Flutey ready to be centre of attention

Kiwi should return for Six Nations after injury but compatriot stands in his way

The burning question for Martin Johnson of what to do about Toby and Jonny does not bother Riki Flutey. The New Zealander convert to England's cause says he is happy to be the inside-centre alongside either one of Messrs Flood and Wilkinson at fly-half; more than keen to do so, in fact, after 10 months of international inactivity brought on by injury and influenza.

The baleful injury rate of modern Test players makes it almost certain the XV sketched out in the England manager Johnson's mind is hardly ever the one that makes it on to the field. This is what explains the addition of Charlie Hodgson to the squad for the Six Nations' Championship announced last Wednesday.

Whereas this time last year only Flood and Wilkinson were included as out-and-out outside-halves, England say they want three "generals" acquainted with every move and nuance of the play-book. With the World Cup coming up in September, they are, apparently, mindful of the All Blacks' experience last time out at France 2007. Dan Carter started the quarter-final with a calf injury; his replacement Nick Evans was undercooked, then also injured, and the final 20 minutes of the dream-shattering defeat to France in Cardiff was crying out for calm decisions.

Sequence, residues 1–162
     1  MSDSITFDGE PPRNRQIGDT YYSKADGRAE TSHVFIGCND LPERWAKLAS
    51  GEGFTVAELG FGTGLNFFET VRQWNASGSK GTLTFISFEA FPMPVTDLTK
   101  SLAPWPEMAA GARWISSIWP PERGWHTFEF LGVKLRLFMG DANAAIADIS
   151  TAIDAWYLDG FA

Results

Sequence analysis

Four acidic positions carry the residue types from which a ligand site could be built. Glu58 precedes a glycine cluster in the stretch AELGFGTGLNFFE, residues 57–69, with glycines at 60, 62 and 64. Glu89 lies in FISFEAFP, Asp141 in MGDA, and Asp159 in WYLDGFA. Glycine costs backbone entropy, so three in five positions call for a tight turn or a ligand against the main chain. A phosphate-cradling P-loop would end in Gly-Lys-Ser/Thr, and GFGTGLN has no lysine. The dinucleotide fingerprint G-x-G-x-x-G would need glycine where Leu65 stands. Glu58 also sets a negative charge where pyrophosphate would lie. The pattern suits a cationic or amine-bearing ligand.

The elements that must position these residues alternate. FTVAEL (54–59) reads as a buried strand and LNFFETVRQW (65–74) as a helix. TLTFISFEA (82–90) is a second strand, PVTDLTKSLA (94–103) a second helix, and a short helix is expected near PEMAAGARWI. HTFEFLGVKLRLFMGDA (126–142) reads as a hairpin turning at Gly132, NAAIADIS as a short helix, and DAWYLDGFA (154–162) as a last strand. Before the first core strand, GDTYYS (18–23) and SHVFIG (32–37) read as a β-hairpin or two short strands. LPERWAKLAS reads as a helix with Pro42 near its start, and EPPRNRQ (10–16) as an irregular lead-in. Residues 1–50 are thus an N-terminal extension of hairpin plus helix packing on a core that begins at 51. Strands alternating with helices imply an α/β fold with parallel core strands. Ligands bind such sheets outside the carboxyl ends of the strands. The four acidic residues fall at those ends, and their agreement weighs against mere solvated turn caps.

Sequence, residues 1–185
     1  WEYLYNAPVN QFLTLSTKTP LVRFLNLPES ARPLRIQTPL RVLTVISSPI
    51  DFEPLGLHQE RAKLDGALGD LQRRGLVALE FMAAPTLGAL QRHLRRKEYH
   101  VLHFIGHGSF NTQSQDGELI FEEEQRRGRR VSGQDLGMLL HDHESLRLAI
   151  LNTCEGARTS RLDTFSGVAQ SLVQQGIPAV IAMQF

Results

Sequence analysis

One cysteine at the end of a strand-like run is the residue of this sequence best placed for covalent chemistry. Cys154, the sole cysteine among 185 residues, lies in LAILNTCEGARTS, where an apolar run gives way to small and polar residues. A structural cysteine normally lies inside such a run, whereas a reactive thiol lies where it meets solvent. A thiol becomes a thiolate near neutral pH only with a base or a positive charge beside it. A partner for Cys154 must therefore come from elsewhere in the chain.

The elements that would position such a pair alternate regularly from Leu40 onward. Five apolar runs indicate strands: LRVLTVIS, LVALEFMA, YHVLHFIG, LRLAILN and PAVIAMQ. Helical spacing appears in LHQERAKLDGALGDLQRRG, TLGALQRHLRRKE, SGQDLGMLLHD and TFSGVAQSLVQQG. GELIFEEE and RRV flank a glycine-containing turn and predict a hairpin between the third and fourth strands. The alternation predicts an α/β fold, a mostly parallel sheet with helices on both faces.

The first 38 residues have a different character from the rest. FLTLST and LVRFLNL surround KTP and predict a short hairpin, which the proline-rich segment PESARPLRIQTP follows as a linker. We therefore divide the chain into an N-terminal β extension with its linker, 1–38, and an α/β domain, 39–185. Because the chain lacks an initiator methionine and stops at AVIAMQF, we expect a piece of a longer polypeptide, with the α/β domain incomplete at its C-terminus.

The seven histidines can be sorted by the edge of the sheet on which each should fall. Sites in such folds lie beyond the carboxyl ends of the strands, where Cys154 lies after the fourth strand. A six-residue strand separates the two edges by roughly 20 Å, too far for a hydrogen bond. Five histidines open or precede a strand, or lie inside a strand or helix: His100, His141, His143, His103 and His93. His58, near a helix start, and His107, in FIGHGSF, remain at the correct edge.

All the above being true in theory, the likely practice is that one fly-half will start at least the majority – if not all – of England's remaining eight matches before the World Cup. It raises the intriguing and psychologically fascinating possibility that England's golden boy of 2003 might spend 2011 awaiting his chance on the bench. Not a bad back-up to have, but how would Wilkinson feel about it? He played the understudy three times to Flood last year – in France and Australia – but the choice did not occur when he pulled out of the autumn series with a shoulder problem that required four weeks' rest. Last Wednesday, in reply to questions over the 31-year-old Wilkinson extending his contract in France, Johnson said: "I am just happy that he's fit and I'm looking forward to him coming in."